Allies fretting over issues a warning sign for Congress
The past few days have been quite busy for the government. As yet another spiritual leader started yet another “movement” against corruption in the government and bureaucracy, Prime Minister Manmohan Singh was at the chic French seaside resort of Cannes, holding discussions with heads of state of the G20 nations on how to deal with the crisis in Greece.
Back home, another petrol price hike left the general public seething as the main opposition Bharatiya Janata Party went on the offensive yet again. Singh put up a firm stand when he said that the country should move more in the direction of deregulation. It was a situation he has found himself in regularly during his second term, that of political versus economic compulsions.
Talking about political compulsions, the biggest problem Singh and his government seem to be facing right now is not the opposition or a frustrated middle class bogged down by double-digit inflation and price rise for most food products and essential commodities, but an ally who has been known to have her way within the UPA coalition.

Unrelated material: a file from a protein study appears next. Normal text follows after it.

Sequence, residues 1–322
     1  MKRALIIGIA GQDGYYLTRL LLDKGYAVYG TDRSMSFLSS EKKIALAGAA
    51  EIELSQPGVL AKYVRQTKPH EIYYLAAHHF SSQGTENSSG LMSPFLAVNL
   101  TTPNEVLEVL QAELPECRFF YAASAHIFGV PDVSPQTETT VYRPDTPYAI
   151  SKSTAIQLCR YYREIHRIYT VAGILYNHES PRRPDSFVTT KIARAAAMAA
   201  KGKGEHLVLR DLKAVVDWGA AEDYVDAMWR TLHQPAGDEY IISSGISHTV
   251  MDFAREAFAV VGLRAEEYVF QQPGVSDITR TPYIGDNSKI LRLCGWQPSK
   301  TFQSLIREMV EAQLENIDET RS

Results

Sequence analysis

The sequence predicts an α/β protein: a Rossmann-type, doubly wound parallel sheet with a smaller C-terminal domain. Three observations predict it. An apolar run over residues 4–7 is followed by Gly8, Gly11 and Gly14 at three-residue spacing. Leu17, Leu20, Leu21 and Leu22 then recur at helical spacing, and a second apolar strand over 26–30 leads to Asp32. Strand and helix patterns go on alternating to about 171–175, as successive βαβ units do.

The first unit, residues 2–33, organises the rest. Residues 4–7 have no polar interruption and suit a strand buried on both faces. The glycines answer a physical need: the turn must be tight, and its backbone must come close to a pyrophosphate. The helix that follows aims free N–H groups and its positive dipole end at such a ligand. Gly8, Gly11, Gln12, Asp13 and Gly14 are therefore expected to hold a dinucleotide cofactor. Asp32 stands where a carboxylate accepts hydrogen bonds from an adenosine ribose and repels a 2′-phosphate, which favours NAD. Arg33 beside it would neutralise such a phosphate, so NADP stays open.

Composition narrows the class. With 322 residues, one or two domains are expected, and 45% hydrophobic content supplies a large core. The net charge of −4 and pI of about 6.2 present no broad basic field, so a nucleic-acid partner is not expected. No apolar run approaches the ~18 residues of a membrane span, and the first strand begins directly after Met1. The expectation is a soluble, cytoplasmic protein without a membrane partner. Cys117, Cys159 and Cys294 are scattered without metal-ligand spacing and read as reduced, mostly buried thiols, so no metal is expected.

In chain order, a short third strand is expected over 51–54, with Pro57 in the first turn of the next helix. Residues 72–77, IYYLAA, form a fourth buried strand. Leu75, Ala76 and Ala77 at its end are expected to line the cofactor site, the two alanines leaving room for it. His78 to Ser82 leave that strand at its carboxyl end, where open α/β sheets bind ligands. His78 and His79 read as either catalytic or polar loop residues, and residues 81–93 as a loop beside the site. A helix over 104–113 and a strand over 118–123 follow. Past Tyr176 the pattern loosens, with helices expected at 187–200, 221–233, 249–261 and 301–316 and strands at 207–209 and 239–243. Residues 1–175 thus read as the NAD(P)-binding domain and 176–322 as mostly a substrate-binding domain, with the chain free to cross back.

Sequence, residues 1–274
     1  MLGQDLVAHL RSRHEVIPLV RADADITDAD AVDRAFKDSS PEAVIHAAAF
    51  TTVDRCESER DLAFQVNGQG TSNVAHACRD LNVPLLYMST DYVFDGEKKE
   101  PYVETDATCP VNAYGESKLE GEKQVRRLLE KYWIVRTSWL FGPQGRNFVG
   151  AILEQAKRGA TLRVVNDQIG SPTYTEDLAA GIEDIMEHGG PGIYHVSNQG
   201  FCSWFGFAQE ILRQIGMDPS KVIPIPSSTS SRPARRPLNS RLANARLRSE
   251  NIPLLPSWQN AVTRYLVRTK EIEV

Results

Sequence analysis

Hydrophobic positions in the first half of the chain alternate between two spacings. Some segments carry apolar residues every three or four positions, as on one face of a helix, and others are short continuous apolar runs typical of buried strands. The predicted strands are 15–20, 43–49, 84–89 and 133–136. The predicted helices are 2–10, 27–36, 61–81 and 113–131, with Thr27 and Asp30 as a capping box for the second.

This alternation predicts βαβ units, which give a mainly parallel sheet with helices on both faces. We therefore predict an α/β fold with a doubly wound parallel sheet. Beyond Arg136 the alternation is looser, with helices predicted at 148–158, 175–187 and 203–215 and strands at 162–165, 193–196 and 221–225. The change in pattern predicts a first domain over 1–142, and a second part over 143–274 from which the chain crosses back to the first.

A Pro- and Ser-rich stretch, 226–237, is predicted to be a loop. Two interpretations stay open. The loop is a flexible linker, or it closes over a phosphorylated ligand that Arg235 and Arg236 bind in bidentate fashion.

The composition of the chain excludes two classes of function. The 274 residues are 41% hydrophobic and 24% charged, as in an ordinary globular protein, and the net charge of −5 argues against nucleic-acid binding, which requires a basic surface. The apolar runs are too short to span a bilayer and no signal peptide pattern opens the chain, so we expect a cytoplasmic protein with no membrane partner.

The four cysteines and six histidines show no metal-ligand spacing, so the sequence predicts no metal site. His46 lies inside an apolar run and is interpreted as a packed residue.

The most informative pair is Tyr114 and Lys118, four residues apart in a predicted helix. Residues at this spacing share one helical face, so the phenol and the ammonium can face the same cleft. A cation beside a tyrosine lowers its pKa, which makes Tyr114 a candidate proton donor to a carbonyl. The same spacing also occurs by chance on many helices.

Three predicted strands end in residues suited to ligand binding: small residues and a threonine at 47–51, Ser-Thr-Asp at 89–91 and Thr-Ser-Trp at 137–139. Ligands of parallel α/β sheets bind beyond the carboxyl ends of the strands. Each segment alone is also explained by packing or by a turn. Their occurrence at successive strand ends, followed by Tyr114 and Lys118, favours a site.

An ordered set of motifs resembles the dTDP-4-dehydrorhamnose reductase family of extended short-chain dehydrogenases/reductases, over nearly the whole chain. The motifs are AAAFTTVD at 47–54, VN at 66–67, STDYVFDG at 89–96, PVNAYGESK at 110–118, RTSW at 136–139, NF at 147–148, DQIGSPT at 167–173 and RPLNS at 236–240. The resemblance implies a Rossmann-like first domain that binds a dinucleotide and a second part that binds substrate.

West Bengal chief minister Mamata Banerjee’s Trinamool Congress holds 19 very crucial seats for the ruling alliance in parliament. So when she threatened to walk out of the UPA over the petrol price hike and sought increased communication between the Centre and allies before taking any vital decision, the first order of business for the PM after his return was to meet her and some of her party members.
To say, however, that she could not get a commitment out of him to roll back on the hike and that other allies within the UPA did not share her opinion, would be to miss the point. Even if one discounts the fact that she may have managed to get increased sops for her state out of this meet, the larger issue here is that the Congress finds itself on increasingly shaky ground as state and parliamentary elections come closer.
As if unpopularity among the general public and an assertive BJP was not enough, it may now need to deal with the prospect of unhappy partners ruining its chances in the upcoming polls. If it hopes to come back to power for a third term, the “Grand Old Party” of India has to ensure threats by Mamata and those by the DMK earlier this year do not become a regular occurrence.